The title Children of the Liberation refers to the liberation of Germany from fascism, which the African-German-American journalist and witness of the time Hans-Jürgen Massaquoi referred to as the much-deserved demise of one of the most brutal systems of rule. “Liberation” stands in contrast to the term “occupation,” which is still used sometimes, and at the same time refers to liberation from the discriminating labels that prevailed for a long time to describe the children of Allied soldiers and German women, in particular the Black children. The book title also describes the experiences of the people who, against all odds, took the positive crafting of their lives into their own hands.
The book combines various facets – historical and academic analyses, biographical narratives, interviews, and literary texts. What is the concept behind this variety of approaches and texts?
The concept behind this is to illuminate this part of suppressed history from different perspectives. My introduction sorts the experiences of the post-war generation into the long history and current situation of Black people in Germany. The biographical narratives and interviews that follow propose alternatives to a recording of history determined by the power structures, and are bound by various scientific analyses into a collective experience. We also included some lyrical texts because they can provide a special means of reflection. Thus the volume is aimed at a diverse readership and provides various stimuli to analyze the history of and fight the still persistent forms of racism.
The questions were posed by Serpil Polat, academy programs on migration and diversity, who does her own research on biographies and racism and is very much looking forward to the evening.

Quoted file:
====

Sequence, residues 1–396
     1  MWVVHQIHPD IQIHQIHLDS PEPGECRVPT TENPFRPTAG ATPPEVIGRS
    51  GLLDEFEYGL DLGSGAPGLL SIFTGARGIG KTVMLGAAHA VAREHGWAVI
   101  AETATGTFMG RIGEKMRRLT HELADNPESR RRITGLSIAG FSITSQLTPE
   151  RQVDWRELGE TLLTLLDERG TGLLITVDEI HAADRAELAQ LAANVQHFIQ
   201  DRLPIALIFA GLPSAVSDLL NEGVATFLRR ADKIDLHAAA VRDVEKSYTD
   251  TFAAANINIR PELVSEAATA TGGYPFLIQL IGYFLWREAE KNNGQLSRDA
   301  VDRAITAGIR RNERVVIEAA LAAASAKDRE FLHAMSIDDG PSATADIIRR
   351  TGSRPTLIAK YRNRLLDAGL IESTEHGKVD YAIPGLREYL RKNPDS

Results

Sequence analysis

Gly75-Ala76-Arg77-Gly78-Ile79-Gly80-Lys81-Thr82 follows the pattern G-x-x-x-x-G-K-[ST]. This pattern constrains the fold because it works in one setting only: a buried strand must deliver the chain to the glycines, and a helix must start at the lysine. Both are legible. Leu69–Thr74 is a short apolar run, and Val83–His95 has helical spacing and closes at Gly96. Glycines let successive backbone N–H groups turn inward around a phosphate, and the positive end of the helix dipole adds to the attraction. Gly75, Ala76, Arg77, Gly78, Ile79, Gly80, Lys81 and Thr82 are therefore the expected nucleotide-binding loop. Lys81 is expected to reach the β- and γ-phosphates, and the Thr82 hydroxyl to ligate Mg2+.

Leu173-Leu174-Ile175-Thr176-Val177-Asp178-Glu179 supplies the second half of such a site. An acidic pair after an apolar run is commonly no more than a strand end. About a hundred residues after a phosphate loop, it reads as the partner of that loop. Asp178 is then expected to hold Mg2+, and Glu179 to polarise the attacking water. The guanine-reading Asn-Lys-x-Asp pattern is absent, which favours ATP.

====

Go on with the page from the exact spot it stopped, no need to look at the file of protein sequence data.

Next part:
Those interested in hearing more and asking further questions are welcome to attend the discussion and reading Children of the Liberation. The Perspectives of Black Germans of the Postwar Generation on 6 July 2016 at 7 pm in the hall at the W. Michael Blumenthal Academy of the Jewish Museum Berlin. Bookings on tel. +49 (0)30 25993 488 or email@example.com. Further information in our calender of events.
Nina Wilkens contemplating the collage “Found objects on flat cardboard box” on her computer screen; Jewish Museum Berlin, photo: Svenja Kutscher
Five black and white photographs of a scantily-clad woman, legs spread open, in various suggestive poses. The pictures smudged and stuck askew onto white cardboard. On top, a Star of David partly smeared with yellow paint. A brown dildo is fastened next to the cardboard. This constellation of things looks at first glance like useless trash. Objects left on the ground, covered with their share of grime, and now lying here piled on top of one another. This work by Boris Lurie from our current exhibition “No Compromises! The Art of Boris Lurie” (further information about the exhibition on our website) has no name and its date is ambiguous.
When I started thinking, around a year ago, about a pedagogical program on Boris Lurie, I got stuck on this picture as I sat at my computer clicking through images of the works that were being considered for the exhibit. I was confused by my own reaction to this collage of two- and three-dimensional objects: vacillating between disgust and uncertainty. I had the words “obscene” and “tasteless” on the tip of my tongue but found them unsuitable. The image hurt. I wondered how students would react to Boris Lurie’s art. → continue reading